Each and every one of us have our own opinions in life... our own set of beliefs, our own thoughts. This makes us who we are- and that's a fact.
Some individuals will look at a bird and say, "Goodness. That bird is lovely!" while others, whatsoever, brush it aside as a worthless item ought to be treated.
My opinions are different. When I see a bird, I picture each and every detail added by God. I see each color, feather, and personality as its own beauty. I see it as a world of its own.
That's why I am a birder. That's why a majority of my lifestyle is based around the elegance of a singular bird's soul. I may not be an Ornithologist, yet... but I strive to work my hardest to build up the world around us. And to help people see the beauty in the world of wings that God provided us to enjoy.
When I see a bird, I smile. I find my inner heart, I find why I'm here. It may sound strange... but it's my biggest connection to the world. The bird.
This is the story of Max and Jane, two visitors I proudly call my friends...
"Birds are indicators of the environment. If they're in trouble, we know we'll soon be in trouble." -Roger Tory Peterson, American Naturalist/Ornithologist
It was a week or two into April when I'd walk the dogs in the morning, spotting a serene pair of Mallard ducks in our cattail-surrounded pond. I'd let the dogs in the house, slowly approaching the perimeter as not to startle them. They'd swim away from me, hiding before the marsh. This happened for a few days... I'd sit down in the grass, speaking to the ducks about my day. They'd quack from afar, dipping constantly beneath the water in a repeated rhythm for food at the pond's center.
I'd finally gotten the (late) idea for bringing some bread outside with me. I'd bring a few stale pieces, ripping pieces off to toss in the water. They'd paddle closer, and closer, nervously accepting the bread.
Eventually, they'd walk up on land for close pieces of bread, happily gulping it down.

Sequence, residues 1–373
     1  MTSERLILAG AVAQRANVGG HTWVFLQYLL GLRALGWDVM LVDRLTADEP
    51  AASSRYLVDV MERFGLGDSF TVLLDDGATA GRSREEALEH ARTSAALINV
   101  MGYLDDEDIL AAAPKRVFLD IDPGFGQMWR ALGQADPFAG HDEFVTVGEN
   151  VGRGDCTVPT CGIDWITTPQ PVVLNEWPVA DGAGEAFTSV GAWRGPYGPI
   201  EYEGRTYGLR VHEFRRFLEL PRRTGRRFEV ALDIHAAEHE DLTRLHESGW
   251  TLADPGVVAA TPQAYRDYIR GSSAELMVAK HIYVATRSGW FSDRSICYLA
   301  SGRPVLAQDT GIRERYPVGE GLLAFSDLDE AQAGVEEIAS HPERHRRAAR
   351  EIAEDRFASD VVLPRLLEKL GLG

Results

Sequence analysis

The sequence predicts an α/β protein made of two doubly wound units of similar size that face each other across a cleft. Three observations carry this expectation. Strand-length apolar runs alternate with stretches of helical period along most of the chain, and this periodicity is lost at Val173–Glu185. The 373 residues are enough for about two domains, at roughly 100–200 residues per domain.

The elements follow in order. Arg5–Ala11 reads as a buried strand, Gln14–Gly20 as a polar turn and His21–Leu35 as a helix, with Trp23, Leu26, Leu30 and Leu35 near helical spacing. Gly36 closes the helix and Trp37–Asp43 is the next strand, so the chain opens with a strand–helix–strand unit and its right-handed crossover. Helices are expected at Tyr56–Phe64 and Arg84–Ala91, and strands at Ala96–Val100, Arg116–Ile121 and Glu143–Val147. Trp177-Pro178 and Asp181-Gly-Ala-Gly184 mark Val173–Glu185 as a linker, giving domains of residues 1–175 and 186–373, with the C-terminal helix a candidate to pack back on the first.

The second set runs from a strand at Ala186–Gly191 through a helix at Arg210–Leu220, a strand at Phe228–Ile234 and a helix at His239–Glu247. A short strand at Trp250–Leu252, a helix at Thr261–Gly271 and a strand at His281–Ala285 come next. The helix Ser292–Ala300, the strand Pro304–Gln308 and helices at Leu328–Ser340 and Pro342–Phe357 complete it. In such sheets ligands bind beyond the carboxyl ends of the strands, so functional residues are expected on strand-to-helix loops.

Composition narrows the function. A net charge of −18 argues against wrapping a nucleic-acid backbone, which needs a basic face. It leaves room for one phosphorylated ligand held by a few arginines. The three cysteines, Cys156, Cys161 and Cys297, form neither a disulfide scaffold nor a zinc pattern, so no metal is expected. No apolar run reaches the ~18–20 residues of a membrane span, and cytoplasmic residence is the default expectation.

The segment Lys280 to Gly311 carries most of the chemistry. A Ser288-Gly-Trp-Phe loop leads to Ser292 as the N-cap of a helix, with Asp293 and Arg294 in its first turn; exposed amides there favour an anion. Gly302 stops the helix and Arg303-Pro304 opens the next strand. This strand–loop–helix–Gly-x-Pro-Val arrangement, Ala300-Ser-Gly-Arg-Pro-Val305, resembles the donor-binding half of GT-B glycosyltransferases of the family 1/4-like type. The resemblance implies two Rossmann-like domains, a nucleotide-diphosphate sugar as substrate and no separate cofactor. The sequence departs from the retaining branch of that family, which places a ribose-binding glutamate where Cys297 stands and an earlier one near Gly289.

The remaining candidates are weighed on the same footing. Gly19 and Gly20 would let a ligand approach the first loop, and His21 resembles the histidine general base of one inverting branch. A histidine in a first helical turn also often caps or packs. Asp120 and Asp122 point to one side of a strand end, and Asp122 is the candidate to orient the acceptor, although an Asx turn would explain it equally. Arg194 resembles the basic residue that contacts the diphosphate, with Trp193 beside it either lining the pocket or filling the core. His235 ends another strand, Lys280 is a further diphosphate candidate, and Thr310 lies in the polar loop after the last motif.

I decided to name the pair Max & Jane. Max had this striking appearance with his emerald green feathering, and his protective personality.
Jane, meanwhile, was docile and inquisitive. She'd dip her bill beneath the gently swooshing surface of the pond water, drinking up some water. She'd snatch a piece of bread and waddled to the water, specifically dampening it to swallow.
"One touch of nature makes the whole world kin." - William Shakespeare
Jane's bright orange feet waddled excitedly toward me, her, running to greet me when I walked to the pond with some bread at hand. She was very happy to see me- though, possibly even happier for the treat. Max followed slowly behind her, receiving his own share of the snack.
4/21/19- "I thought goodbye"
I walked toward the pond Easter morning, not hearing the infamous quacking from Max. Nor seeing Jane in her little cove of marsh, preening her feathers in contentment.
I mean... our pond isn't the safest for a brooding hen... but I didn't expect them to leave this early. I was slightly frightened, considering I grew so close to the feathered couple, excepting them as one of my own. One of my kin.
I see the water rippling, a heavy, animated rain falling upon its surface. Could it be? On the rainiest of days...?
Max appears floating out from behind and overshadowing pine tree. Jane leads the adventure. I ran outside without shoes nor a coat, happy to see my friends back home. They greeted me like always and without a doubt had I known it was them. My Mother and I both agreed... even they may have left to visit their family for Easter dinner.
I purchased a healthier loaf of wheat, sugar-free bread today. All dedicated to Max & Jane, though I admittedly tried a piece (may have to switch over! That bread's good!)
Jane loved it. She ran across the yard when she saw a new, tempting treat to try.
And this, hopefully, with my new awakened sense of friendship, will be a never-ending story. Though a very small dot on this earth, Max & Jane have left their own legacy. And I hope their soon-to-be-ducklings will too.
Next time you see something small, just realize, it's big to somebody else and God made it for a reason. Its very own purpose... just like ourselves.
"The study of nature is a limitless field, the most fascinating adventure in the world."It's an amazing world we live in... but we must open our eyes to it more often.
- Margaret Morse Nice, Female Ornithologist
Life is endless.
And so are we.
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- 5/5, 5 out of 5, reviewed Apr 25, 2019
Wonderful and I liked it.
I need advice, the cardinal chicks keep falling out the nest and they are 3-4 days old, I know because I found the nest when they were eggs, but I think I might have to take them in and raise them because they keep falling out the nest when we put them back.
"Inspiring Text and Beautiful Pictures!"
- 5/5, 5 out of 5, reviewed Apr 23, 2019
Thank you for the reminder to stop and smell the roses ... errrr, watch the birds! You are absolutely right. We all need to take time to notice the little things ... and maybe befriend a few of them.